Even though I had symptoms long before my initial surgery and diagnosis, I’ve been officially living with Crohn’s Disease for 22 years, 2 months, and 15 days.
There have been good days and bad days since my first Crohn’s hospitalization, but I’ve been lucky compared to a lot of people with this disease.
Bad days for me mean a lot of cramps, bathroom visits, no energy, bloating, and feeling sick of having to deal with it all.
Good days are when I can go to the gym, eat a lot, and temporarily forget about my Crohn’s.
Really bad days are when the pain is so intense my only thought is “I need to see my doctor”.
Since that night in 1988, I’ve only had 3 really bad days:
Once in 2004, my gut was killing me and my doctor order a fun Barium test. They determined that where my intestines were reattached from my surgery was most likely scarring up and causing my digestion process to “back up” like a clogged drain. The worst part about this flare-up was the principal for the school I was working at. After I went to see the doctor and told her I needed more time off for my test, I added that he said there was a slight chance I might need more surgery. Her reaction: “I’ve never heard of anyone needing surgery for Crohn’s Disease.” Thanks a lot, (Many words I’d like to call her, but my mom might be reading this).
In 2008 I experienced another day of intense pain, but this time I couldn’t stop throwing up (after first throwing up in my car as I was driving home). My awesome dad drove me to the ER, and I was in the hospital for over a week. No more surgery needed, but it was a wakeup call to what I could be doing to improve my battle with Crohn’s. I started exercising more and put a lot less caffeine into my body. Both of these helped immensely, and I learned that even when I woke up feeling like it was going to be a “bad, no energy” Crohn’s day, a quick 30 minutes on a stationary bike could help turn it around.
Yesterday was another really bad day for me. After a fun weekend snowmobiling in New Hampshire, my friends and I went out to breakfast before our trek back to Massachusetts. I wasn’t feeling hungry, and barely touched my eggs, hash browns, and toast. My stomach was hurting the whole drive back, but I tried sleeping it off as much as I could. As we pulled into a rest area, I could tell my scrambled eggs were going to make another appearance. I knew I wasn’t going to make it to the bathroom, so my only plan was to not puke in my friend’s car. I’m sure I gave everyone watching a “Oh my God, we were at the NH rest area” story to share when they got home, but I was just glad I didn’t feel as sick anymore. I knew I wouldn’t be eating any more for the rest of the day, but thought I’d be safe drinking Gatorade. I guess I drank it a little too quickly, because about 30 seconds after I walked into my apartment I was having what I call a “double explosion” in my bathroom. Luckily, I have experienced these before and was quick enough to make sure both spills were contained.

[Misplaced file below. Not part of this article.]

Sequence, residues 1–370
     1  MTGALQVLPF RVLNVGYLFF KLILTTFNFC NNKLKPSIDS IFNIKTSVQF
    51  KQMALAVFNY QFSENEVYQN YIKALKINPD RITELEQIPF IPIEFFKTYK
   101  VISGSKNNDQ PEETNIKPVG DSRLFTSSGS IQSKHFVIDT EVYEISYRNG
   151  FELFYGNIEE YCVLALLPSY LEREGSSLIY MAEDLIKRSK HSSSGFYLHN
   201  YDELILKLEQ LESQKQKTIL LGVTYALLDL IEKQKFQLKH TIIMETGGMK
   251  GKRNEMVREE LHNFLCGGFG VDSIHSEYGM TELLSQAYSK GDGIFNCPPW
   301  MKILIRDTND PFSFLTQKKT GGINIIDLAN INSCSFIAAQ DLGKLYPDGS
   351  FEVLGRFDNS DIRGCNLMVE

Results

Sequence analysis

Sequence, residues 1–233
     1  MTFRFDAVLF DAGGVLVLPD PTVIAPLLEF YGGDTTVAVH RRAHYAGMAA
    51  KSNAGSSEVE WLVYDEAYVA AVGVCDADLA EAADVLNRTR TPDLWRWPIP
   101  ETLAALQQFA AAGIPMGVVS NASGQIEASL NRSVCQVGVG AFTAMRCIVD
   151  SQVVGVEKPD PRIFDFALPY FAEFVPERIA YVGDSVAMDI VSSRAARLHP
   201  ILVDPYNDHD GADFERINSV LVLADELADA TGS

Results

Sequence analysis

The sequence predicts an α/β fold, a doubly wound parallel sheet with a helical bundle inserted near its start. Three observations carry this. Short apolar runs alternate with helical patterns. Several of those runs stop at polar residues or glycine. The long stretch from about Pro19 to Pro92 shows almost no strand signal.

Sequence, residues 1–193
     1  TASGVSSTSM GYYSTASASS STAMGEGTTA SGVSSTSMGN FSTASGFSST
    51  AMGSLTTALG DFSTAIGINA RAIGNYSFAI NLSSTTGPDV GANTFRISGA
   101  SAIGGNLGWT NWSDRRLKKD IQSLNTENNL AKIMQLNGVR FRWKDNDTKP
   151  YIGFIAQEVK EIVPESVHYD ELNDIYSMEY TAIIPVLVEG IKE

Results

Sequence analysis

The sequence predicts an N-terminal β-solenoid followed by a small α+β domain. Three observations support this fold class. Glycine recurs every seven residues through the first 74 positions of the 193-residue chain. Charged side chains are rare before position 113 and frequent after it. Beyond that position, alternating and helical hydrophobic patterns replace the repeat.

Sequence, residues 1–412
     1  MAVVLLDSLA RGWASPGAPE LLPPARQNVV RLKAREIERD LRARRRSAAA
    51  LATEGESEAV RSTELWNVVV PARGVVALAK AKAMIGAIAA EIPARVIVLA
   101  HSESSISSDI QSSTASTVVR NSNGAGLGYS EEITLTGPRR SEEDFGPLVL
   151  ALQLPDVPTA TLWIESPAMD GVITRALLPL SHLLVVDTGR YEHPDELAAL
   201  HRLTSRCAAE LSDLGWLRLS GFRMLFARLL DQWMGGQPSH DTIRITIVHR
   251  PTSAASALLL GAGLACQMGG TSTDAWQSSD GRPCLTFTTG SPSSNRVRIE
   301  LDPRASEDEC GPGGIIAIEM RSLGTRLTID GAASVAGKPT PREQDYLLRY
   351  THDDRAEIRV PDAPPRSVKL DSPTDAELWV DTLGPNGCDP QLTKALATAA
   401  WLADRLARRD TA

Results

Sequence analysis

Today I stayed in bed, sipped Gatorade, and watched TV. I found out my Corhn’s Dr. is on vacation, but I think I’ll be able to make it past this episode without his help. Last night I kept telling myself that I’m a quick healer and wouldn’t you know it, my body is responding.